Changes To Some ACA Plans Will Lead To Higher Prescription Costs
Consumers signing up for health insurance on the Affordable Care Act marketplace should double check how prescriptions are covered.
Advocates say some insurers are changing their plans and it could mean higher out-of-pocket costs for patients who depend on costly prescriptions.
The changes involve assistance programs from drug manufactures that patients use to help pay for high-price prescriptions. Insurance companies have traditionally allowed patients to count the payments towards their deductibles.
But starting this year, some insurance plans are adopting copay accumulator adjustment programs, which prevent the assistance from being used to pay down deductibles and maximum out-of-pocket spending.
That means patients who depend on high-price drugs for diseases like AIDS and multiple sclerosis will end up paying thousands more, said Carl Schmid, deputy executive director of the AIDS Institute.
"We feel that people aren't going to pick up their drugs and not be adherent, which is dangerous to their health," Schmid said.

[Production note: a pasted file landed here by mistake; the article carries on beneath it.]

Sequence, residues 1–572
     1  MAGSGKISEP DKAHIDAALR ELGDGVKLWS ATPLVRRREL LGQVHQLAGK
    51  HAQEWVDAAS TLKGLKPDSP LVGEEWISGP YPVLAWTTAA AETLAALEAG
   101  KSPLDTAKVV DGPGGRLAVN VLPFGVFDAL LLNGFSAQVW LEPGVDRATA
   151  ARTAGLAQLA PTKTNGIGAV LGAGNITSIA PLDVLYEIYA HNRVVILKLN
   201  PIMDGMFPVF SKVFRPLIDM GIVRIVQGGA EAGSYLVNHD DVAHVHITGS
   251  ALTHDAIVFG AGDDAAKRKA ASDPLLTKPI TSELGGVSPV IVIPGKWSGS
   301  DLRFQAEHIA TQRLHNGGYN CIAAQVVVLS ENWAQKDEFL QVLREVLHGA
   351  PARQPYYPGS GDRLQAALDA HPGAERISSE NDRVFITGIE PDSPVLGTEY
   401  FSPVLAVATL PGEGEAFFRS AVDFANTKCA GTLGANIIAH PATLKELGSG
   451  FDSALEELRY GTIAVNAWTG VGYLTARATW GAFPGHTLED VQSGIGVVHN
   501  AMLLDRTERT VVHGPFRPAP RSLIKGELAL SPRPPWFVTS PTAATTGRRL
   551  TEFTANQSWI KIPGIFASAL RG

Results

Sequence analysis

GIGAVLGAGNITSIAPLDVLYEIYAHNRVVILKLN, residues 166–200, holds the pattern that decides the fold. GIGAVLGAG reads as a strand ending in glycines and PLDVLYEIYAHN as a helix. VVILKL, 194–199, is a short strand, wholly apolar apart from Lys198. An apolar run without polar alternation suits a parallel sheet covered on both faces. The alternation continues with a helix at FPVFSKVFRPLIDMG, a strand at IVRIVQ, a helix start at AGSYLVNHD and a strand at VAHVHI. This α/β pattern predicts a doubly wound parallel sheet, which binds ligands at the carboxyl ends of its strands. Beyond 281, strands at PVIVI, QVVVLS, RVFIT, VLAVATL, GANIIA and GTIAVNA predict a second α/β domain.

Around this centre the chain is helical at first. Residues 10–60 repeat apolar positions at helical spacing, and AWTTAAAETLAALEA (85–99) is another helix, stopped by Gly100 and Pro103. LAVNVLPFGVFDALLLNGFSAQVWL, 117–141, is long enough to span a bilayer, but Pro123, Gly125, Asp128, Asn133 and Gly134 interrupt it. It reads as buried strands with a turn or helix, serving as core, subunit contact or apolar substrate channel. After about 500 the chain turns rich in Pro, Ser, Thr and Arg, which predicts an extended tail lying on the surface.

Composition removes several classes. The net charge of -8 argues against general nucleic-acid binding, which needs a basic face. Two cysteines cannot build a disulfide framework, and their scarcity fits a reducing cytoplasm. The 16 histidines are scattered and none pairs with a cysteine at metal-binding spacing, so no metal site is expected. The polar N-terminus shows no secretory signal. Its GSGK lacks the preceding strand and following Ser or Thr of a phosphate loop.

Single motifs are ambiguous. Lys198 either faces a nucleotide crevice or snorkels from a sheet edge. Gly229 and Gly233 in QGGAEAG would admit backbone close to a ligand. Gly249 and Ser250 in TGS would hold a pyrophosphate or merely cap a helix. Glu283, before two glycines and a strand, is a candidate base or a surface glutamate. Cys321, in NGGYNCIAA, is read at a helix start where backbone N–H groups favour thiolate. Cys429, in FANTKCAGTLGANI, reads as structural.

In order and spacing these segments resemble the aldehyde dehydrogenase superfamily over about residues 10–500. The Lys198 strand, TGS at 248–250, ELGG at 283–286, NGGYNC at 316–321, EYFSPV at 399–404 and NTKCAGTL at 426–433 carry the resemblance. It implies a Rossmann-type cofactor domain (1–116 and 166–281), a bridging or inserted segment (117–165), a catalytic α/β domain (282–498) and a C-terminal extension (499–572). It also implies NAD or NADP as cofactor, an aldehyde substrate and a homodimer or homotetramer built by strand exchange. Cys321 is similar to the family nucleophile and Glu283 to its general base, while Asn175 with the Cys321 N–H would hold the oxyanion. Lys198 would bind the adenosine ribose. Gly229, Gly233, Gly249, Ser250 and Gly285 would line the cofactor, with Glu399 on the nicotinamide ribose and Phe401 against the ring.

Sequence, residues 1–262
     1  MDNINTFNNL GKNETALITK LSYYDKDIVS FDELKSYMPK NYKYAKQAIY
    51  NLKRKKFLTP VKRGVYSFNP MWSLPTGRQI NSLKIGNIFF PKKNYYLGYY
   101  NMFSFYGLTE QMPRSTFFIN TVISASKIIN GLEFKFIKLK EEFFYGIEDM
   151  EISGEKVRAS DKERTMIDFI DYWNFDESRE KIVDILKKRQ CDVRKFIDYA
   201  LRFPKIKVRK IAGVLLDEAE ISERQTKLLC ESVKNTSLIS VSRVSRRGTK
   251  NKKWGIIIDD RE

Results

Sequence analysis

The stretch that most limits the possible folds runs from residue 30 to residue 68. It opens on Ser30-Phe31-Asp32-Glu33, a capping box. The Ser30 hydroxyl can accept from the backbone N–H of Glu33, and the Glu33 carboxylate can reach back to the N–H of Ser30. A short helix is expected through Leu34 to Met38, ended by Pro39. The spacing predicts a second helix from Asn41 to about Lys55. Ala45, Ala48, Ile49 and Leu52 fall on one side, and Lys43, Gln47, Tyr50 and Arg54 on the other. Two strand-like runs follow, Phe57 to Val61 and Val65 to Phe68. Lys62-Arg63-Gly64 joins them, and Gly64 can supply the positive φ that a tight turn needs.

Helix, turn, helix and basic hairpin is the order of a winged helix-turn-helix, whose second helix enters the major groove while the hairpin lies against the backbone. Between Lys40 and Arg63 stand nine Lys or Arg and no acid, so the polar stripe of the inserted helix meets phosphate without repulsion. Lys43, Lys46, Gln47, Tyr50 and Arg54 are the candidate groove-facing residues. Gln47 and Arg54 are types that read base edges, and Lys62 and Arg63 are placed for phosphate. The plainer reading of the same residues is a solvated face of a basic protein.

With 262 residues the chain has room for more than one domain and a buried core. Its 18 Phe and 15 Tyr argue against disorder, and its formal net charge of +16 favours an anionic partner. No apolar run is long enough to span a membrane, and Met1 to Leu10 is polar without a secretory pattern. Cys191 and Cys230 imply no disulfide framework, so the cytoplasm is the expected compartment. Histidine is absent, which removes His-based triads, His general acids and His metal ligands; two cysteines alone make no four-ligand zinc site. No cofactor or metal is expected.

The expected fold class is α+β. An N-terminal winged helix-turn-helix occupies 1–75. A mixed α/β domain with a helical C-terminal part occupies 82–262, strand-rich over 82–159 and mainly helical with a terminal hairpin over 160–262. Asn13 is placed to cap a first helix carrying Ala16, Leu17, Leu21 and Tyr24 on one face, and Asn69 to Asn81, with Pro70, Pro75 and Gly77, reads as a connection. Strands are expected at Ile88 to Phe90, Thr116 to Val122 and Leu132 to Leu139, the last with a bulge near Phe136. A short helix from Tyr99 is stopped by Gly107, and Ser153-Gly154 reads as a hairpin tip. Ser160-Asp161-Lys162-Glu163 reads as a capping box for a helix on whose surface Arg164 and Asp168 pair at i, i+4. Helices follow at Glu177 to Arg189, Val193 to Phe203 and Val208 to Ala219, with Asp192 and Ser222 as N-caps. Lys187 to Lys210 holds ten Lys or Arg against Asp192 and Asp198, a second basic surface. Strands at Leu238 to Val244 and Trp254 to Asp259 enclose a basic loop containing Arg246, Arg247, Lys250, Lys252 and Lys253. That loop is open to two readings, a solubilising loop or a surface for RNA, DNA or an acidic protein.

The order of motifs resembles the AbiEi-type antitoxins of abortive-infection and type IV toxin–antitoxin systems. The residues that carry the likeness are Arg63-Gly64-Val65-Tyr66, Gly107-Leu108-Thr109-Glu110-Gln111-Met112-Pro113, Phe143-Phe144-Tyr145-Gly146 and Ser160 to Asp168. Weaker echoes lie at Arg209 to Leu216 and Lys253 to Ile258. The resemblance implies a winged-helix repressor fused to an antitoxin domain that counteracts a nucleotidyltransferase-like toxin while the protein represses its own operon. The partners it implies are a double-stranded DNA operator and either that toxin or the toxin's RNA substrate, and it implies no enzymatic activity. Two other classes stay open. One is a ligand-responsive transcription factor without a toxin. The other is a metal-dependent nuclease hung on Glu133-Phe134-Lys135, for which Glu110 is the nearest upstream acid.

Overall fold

Health insurers are not being transparent about the change, so consumers may not be aware until they've already picked a plan, Schmid said.
“It’s really difficult for patients to find this information,” he said. “It’s in the plan contract. It’s not in the summary of benefits.”
The AIDS Institute researched insurance plan documents and called the major insurers on the Florida marketplace to determine if they were making changes. The Institute found that some plans offered by Florida Health Care, Molina and Health First contained copay accumulator adjustment programs.
Some plans offered by Florida Blue state that the company reserves the right not to apply copay assistance towards a beneficiary’s deductible. But a company spokeswoman said Florida Blue does not have a copay accumulator program and does not have plans to adopt one.
The AIDS Institute sent letters to state Attorneys General and Insurance Commissioners throughout the country, asking them to investigate the health insurance changes.
Schmid worries that more insurance companies will begin adopting the plans in 2019, including employee insurance plans.
“Open enrollment is going to be starting in a couple months,” he said. “It’s important to let people know that they need to look at their plans. Don’t just look at the premiums.”